In conclusion, we described two cases of sarcoma, necessitating resection of the thumb metacarpal that were reconstructed with an arthrodesis of the proximal phalanx of the thumb to the index metacarpal. Fusion was achieved in both cases and both patients had a pain-free, functional, and cosmetically acceptable thumb with no local recurrence. Arthrodesis of the thumb to the second metacarpal is a viable treatment option after tumor resection.
Each author certifies that his or her institution approved or waived approval for the reporting of this case and that all investigations were conducted in conformity with ethical principles of research.
Each author certifies that he or she, or a member of his or her immediate family, has no funding or commercial associations (e.g., consultancies, stock ownership, equity interest, and patent/licensing arrangements) that might pose a conflict of interests in connection with the submitted paper.
- G. Pathak, W. B. Conolly, and S. W. McCarthy, “Chondrosarcoma of thumb metacarpal—a case report with literature review,” Hand Surgery, vol. 6, no. 1, pp. 81–87, 2001.
- A.-M. Plate, G. Steiner, and M. A. Posner, “Malignant tumors of the hand and wrist,” Journal of the American Academy of Orthopaedic Surgeons, vol. 14, no. 12, pp. 680–692, 2006.
- A. Miyake, H. Morioka, H. Yabe et al., “A case of metacarpal chondrosarcoma of the thumb,” Archives of Orthopaedic and Trauma Surgery, vol. 126, no. 6, pp. 406–410, 2006.
- L. R. Ramos-Pascua, Ó. Fernández-Hernández, S. S. Herráez, J. Á. S. Sánchez, and T. F. Corral, “Ewing sarcoma of the first metacarpal with a 9-year follow-up: case report,” Journal of Hand Surgery—American Volume, vol. 38, no. 8, pp. 1575–1578, 2013.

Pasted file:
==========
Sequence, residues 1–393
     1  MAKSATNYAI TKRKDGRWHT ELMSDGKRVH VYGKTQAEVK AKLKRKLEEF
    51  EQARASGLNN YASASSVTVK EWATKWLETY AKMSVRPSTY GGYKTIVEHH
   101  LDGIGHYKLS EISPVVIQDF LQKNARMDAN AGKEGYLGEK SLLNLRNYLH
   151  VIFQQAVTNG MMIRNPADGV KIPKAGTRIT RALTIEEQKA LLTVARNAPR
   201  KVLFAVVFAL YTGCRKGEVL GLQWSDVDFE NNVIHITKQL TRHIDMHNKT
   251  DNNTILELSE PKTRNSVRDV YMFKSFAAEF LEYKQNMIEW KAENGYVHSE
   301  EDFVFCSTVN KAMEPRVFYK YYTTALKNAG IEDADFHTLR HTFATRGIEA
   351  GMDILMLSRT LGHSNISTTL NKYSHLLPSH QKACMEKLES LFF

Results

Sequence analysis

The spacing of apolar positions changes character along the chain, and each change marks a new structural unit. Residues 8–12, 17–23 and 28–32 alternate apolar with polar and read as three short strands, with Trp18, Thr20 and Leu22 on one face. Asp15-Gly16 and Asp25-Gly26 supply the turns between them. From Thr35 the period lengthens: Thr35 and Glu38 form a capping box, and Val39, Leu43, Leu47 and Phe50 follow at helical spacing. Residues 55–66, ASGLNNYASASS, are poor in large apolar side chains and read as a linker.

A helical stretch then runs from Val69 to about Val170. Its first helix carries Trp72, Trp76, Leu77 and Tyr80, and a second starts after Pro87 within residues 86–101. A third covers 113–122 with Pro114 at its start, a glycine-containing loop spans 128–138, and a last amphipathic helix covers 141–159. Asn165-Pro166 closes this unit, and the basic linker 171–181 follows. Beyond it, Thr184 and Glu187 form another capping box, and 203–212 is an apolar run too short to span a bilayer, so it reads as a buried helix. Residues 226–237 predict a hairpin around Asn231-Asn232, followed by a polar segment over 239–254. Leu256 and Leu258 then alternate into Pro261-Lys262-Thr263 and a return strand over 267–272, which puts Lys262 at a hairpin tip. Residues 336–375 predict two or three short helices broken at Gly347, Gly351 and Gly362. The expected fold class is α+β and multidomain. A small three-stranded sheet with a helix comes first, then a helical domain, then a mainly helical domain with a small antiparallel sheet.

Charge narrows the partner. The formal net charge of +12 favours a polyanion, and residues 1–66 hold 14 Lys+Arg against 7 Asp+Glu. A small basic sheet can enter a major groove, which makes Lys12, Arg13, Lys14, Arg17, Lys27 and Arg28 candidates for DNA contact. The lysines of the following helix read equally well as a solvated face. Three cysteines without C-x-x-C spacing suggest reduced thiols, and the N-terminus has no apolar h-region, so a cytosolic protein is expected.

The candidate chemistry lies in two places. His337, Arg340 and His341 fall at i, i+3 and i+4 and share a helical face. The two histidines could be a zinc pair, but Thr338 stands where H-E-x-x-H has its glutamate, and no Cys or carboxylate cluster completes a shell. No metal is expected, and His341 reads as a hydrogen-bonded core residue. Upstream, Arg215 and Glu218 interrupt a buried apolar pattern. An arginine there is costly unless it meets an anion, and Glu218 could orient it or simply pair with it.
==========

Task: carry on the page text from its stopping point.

- B. S. Dhinsa, B. S. Mann, S. Z. Nawaz, A. Jalgaonkar, T. W. R. Briggs, and J. A. Skinner, “Free fibular graft reconstruction following resection of chondrosarcoma in the first metacarpal,” Hand Surgery, vol. 16, no. 3, pp. 357–360, 2011.
- G. Biswas, A. Parashar, S. Ghosh, and N. Kakkar, “Extra-osseous ewing's sarcoma of the thumb,” Journal of Hand Surgery: European Volume, vol. 33, no. 5, pp. 667–669, 2008.
- P. T. Calvert, G. E. MacLellan, and M. F. Sullivan, “Chondrosarcoma of the thumb a case report of treatment with preservation of function,” Journal of Hand Surgery—British Volume, vol. 10, no. 3, pp. 415–417, 1985.
- K. B. Jones, J. A. Buckwalter, and E. F. McCarthy, “Parosteal osteosarcoma of the thumb metacarpal: a case report,” The Iowa Orthopaedic Journal, vol. 26, pp. 134–136, 2006.
- S. Patil, M. V. C. De Silva, J. Crossan, and R. Reid, “Chondrosarcoma of small bones of the hand,” Journal of Hand Surgery, vol. 28, no. 6, pp. 602–608, 2003.
- K. K. Unni, Dahlin's Bone Tumors: General Aspects and Data on 11087 Cases, Lippincott-Raven, New York, NY, USA, 5th edition, 1996.
- R. Deshmukh, H. J. Mankin, and S. Singer, “Synovial sarcoma: the importance of size and location for survival,” Clinical Orthopaedics and Related Research, vol. 419, pp. 155–161, 2004.
- M. E. Puhaindran, C. P. Rothrock, and E. A. Athanasian, “Surgical management for malignant tumors of the thumb,” Hand, vol. 6, no. 4, pp. 373–377, 2011.
- W. P. Cooney III, M. J. Lucca, E. Y. S. Chao, and R. L. Linscheid, “The kinesiology of the thumb trapeziometacarpal joint,” The Journal of Bone & Joint Surgery—American Volume, vol. 63, no. 9, pp. 1371–1381, 1981.
Copyright © 2016 Christopher Hein et al. This is an open access article distributed under the Creative Commons Attribution License, which permits unrestricted use, distribution, and reproduction in any medium, provided the original work is properly cited.